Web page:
The author of a new book on the Holocaust believes much can be learned about what human beings are capable of in terms of intolerance and perseverance as told through the story of her family.
Dr. Jill Gabrielle Klein, author of "We Got the Water: Tracing My Family's Path Through Auschwitz,"
and her father, Holocaust survivor Gene Klein, joined J.D. Hayworth and John Bachman on "America's Forum" on Newsmax TV and spoke about their collective experiences.
Gene Klein recounted a story about how dramatically his life changed after being shipped from Auschwitz to Wolfsburg as a 16-year-old boy.
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"I was into my sixth month of imprisonment, and one morning an SS sergeant stopped right in front of me as we were standing in attention to be counted and asked, 'Which one of you young prisoners speak German?'" Gene Klein recalled. "I put my hand up because we had to take foreign language in our schools. I had no idea what I got myself into, but he marched me up to the gate of the camp, and there was a man in civilian clothing, and the man discharged the sergeant and told me, 'I am Mr. So and So.' I didn't understand why he had to introduce himself. You know he's a German, and I'm his prisoner.
"He said, 'I'm a civilian engineer, and I'm going to be here for the next two weeks to survey the future roads that the camp will be building, and I need help with my equipment.' He gave me this wooden board with numbers in it, and he has a tripod with his equipment, and he goes way, way down the road. And once he takes some notes about what he has seen, he calls me to him and we, you know, after doing six months of slave labor, this was like being on vacation."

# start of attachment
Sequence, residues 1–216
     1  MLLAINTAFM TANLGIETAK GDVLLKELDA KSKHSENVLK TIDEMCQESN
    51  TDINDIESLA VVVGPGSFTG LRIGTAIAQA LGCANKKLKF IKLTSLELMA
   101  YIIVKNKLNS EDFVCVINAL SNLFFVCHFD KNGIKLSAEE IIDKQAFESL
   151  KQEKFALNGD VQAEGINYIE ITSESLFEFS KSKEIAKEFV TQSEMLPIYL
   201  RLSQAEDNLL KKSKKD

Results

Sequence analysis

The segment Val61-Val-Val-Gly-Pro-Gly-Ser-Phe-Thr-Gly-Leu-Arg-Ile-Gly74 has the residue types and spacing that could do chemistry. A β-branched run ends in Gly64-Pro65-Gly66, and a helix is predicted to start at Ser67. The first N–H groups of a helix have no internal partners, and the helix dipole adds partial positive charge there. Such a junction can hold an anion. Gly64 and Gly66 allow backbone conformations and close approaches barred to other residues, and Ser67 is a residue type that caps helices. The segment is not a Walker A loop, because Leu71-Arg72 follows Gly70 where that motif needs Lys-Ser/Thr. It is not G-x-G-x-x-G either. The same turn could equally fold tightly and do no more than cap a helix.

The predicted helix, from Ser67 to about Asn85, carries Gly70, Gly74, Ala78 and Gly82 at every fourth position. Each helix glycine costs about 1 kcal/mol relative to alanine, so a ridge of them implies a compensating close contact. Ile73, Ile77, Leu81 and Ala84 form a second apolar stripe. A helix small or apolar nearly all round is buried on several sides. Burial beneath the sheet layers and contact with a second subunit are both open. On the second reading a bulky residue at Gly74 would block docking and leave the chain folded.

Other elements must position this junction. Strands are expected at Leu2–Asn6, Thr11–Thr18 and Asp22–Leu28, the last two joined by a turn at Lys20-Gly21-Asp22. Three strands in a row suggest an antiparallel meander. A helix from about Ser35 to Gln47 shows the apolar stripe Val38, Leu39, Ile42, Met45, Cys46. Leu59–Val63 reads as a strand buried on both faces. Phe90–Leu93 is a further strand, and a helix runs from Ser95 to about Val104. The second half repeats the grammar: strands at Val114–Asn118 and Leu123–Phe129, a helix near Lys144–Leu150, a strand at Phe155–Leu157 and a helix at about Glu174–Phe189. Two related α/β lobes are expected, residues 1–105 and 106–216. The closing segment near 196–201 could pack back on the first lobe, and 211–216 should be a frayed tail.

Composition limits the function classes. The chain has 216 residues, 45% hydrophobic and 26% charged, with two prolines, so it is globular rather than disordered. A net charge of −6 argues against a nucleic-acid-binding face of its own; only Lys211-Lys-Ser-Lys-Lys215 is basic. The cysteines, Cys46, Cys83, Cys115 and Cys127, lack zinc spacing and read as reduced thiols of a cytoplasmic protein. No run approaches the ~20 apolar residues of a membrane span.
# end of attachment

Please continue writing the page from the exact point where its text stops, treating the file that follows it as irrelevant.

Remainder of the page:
When asked about the report that Ukrainian Jews were being asked to register and give an accounting of their personal property to Russian authorities, Jill Klein said it was hard to know whether this could be a step toward a return to the 20th century atrocities experienced by her father and others across Europe.
"Well, certainly if that sort of thing is actually happening it's of tremendous concern," she said. "But it is difficult to comment because there's some real question about how that actually occurred, and whether it was some sort of hoax to make the other side look bad. There's a lot of shenanigans going on in the Ukraine with sort of anti-Semitism being used as a card that the two sides are trying to play against each other, so it's a little bit unclear what's actually happening.
"What we do know, however, is in a country like Hungary -- my father, his hometown became part of Hungary in 1938 -- there's growing anti-Semitism there, a blatantly anti-Semitic party has become the third-leading party in Hungary. They have seats in Parliament, they suggest things like registering everyone and registering Jews and things like that."
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